The warm up band was Camper Van Beethoven. They had morphed into Cracker in the early nineties and 3/6 band members including the lead singer, were the same. Straight-up guitar rock, though, with a few moments of honest-to-goodness prog rock. High School nerdom revisited.

There is no point sampling bits of Cracker. You must buy all of their albums (although I can’t speak for 2014’s release) and listen to them in order of their release. Then over and over and over.

We managed another splendid visit with former classmate Kim and amazing wife Mona, with Kim’s enthusiasm for Turkish tea and Northern Italian alcohol a key feature. A fiasco of winter hose/outdoor faucet activity to load up on drinking water and we were away.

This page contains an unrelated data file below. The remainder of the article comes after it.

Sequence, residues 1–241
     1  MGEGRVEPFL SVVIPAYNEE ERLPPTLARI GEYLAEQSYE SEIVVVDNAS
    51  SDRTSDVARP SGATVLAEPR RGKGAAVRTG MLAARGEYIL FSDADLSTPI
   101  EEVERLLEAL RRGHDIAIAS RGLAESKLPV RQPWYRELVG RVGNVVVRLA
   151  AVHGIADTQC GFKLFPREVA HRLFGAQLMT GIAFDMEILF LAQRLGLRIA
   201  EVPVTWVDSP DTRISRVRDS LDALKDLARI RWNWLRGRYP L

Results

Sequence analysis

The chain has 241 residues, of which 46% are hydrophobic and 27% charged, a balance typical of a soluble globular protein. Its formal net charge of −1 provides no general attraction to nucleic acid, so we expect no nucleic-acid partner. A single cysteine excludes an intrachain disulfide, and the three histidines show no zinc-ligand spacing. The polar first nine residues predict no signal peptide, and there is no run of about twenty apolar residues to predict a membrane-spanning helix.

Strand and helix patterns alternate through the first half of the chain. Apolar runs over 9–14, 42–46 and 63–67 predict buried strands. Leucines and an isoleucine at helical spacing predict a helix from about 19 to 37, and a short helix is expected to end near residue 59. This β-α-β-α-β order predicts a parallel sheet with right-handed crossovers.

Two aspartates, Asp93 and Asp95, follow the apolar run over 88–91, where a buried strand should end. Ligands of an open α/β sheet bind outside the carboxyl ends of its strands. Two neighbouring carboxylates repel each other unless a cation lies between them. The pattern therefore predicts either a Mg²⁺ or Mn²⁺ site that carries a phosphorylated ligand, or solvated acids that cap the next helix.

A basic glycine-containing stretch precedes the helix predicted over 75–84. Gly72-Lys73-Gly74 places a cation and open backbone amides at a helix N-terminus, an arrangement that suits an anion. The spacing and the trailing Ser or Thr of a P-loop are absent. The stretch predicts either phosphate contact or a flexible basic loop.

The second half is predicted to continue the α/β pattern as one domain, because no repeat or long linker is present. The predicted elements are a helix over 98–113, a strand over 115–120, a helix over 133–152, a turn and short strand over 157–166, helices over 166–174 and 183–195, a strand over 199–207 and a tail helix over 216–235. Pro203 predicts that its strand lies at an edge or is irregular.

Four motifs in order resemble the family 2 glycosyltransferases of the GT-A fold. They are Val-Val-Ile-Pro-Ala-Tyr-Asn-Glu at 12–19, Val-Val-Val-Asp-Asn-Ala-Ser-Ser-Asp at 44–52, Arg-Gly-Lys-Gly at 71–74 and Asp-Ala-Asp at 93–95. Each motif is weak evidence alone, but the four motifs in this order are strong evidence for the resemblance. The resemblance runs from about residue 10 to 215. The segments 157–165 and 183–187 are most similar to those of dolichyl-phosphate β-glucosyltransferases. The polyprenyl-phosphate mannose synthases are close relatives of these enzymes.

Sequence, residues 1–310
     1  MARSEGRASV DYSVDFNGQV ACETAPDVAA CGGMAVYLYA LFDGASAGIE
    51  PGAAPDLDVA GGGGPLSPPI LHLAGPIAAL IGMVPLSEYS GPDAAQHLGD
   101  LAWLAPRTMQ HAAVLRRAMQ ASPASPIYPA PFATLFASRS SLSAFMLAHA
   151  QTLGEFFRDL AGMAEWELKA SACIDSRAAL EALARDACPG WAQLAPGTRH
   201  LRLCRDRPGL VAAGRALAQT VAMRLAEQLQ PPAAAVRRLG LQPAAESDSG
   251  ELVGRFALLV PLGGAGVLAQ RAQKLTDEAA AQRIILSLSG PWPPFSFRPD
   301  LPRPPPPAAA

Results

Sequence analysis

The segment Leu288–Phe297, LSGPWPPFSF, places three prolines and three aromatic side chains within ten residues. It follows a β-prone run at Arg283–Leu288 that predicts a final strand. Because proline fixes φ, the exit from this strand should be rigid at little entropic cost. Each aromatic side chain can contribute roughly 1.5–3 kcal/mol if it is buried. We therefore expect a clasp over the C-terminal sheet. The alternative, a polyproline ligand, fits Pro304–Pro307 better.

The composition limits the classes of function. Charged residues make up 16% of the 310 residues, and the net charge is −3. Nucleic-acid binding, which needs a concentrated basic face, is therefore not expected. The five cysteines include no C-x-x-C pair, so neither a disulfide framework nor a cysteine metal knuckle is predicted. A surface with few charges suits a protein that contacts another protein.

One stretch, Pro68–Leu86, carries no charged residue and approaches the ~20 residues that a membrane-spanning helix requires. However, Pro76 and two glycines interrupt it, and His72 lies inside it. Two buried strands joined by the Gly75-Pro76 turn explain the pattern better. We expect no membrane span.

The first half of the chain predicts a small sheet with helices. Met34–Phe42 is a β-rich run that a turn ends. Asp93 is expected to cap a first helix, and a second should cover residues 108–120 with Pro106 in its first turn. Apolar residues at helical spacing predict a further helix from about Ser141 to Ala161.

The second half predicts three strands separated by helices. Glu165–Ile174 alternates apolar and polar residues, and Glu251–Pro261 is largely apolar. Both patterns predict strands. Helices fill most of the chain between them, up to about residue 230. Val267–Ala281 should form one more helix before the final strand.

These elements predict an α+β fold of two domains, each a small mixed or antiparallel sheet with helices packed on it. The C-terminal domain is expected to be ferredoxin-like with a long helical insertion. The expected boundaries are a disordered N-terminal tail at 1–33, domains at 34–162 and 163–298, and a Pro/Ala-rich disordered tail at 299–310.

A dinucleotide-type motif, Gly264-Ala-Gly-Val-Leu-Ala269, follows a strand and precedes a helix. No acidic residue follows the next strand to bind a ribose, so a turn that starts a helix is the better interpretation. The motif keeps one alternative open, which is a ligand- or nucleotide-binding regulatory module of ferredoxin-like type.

Garth had been enthusiastic about Bolder CO years ago and Brenda had always wanted to visit, such was the eloquence of his description. It was a bit out of the way (entirely out of the way) but we swung by, only to discover that 30 years in the life of a suburb can be a lot. We abandoned Generica and headed to the State Forests and found Golden Gate Canyon. Woodsy with nice hiking and a trial of snowshoeing at 9000 ft. Defenders of the snowshoe should look away for the next few lines. I will accept that in deep snow, the first couple of people through would enjoy sinking only to their knees instead of their hips but everyone after that could run along in sneakers and all involved could X-country or AT ski through it all way way faster. It was too reminiscent of tromping around hard packed snow in a frozen school yard for Phys. Ed. in Garth’s grade 5. Exercise is provided and one’s hip flexors get an extra workout but they will mostly go back to their role as emergency evacuation tools.

Just shoot me, please.